The terms of the settlement require the parent of Marshalls and TJ Maxx to implement information security programs and submit to an audit by an independent third party every other year for the next 20 years, according to the FTC. The FTC complaint alleged TJX did not have the proper security measures in place to prevent unauthorized access to the sensitive, personal information of customers on file.
In March of last year TJX Cos. said information from 45.7 million credit and debit cards was stolen by computer hackers beginning in July 2005. The hackers gained access to the personal information of customers who had made credit and debit card purchases, as well as 450,000 returns made without receipts in the company's stores.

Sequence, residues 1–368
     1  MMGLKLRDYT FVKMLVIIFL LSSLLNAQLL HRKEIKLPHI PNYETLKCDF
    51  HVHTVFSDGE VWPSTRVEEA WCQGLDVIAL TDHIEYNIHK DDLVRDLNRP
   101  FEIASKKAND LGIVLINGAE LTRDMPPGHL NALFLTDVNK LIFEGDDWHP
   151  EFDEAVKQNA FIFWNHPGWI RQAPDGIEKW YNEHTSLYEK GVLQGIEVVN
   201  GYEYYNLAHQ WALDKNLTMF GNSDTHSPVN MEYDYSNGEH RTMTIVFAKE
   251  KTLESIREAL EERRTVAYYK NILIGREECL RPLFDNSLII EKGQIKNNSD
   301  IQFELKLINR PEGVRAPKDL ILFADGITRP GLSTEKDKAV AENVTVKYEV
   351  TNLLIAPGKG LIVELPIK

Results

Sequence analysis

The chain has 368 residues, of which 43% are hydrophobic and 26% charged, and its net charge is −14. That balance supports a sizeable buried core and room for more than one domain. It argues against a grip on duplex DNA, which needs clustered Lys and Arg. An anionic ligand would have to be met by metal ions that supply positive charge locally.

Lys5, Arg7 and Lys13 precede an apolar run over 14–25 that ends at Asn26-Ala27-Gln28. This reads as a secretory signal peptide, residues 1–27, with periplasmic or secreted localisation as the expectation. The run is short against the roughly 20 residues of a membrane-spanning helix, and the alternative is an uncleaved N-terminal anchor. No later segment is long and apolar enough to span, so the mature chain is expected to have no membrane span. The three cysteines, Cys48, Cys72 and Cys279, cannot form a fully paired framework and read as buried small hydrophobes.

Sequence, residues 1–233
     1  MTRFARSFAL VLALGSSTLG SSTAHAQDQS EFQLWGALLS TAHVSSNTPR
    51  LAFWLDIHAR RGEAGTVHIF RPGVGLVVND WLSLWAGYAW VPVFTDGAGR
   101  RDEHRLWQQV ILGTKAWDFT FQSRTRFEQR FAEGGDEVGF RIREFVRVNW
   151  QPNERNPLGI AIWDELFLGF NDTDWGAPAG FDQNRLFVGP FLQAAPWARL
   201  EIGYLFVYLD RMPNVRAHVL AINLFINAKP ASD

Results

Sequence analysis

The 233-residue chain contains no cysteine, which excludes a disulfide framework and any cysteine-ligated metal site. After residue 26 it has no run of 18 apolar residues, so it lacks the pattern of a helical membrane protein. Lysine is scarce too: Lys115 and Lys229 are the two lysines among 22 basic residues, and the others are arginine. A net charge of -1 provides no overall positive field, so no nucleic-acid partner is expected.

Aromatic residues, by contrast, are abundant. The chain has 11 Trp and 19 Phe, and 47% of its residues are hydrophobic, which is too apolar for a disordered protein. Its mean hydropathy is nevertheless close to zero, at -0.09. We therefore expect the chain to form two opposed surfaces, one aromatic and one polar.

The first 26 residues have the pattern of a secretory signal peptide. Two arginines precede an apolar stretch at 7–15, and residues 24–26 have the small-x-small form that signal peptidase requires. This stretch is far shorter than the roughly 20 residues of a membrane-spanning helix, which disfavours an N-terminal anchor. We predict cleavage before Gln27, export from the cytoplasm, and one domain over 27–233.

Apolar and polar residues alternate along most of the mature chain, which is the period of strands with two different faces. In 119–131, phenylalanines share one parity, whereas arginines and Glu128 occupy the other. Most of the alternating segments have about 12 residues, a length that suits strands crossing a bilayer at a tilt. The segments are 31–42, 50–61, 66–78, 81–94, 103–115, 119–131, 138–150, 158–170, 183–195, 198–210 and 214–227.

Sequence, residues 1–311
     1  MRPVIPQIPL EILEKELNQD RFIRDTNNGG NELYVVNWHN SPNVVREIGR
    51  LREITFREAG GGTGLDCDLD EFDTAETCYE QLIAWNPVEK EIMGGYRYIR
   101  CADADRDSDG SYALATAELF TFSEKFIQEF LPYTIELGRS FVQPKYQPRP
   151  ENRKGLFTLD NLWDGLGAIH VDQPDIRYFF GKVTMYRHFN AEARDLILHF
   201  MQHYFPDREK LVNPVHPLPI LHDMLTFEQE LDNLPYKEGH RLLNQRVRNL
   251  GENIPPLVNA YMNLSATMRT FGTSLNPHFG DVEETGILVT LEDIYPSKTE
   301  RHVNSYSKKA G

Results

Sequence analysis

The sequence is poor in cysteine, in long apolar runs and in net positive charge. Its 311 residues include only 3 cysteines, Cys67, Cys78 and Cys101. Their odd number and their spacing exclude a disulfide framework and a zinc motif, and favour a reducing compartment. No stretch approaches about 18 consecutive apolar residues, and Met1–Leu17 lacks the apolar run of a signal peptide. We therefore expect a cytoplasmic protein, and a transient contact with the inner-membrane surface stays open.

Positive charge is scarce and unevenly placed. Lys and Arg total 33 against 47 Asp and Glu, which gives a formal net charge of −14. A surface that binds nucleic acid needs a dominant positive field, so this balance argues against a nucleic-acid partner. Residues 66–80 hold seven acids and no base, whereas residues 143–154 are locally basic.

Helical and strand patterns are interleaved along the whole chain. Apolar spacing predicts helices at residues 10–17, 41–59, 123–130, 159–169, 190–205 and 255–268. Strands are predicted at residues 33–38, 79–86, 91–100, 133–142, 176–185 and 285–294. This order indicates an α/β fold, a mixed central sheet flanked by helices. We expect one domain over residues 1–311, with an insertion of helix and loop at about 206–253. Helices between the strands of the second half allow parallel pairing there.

Following the revelation of the data breach, banks said that tens of millions of dollars of fraudulent charges were made on the cards, and millions were canceled and reissued.
"By now, the message should be clear: Companies that collect sensitive consumer information have a responsibility to keep it secure," said Deborah Platt Majoras, chairman of the FTC.
A Web site at TJXsettlement.com refers to a proposed settlement of a class-action lawsuit in federal court in Boston. The site notes a settlement offering vouchers, credit monitoring and other details for eligible consumers, as well as claim forms and additional information for consumers who were affected by the data breach.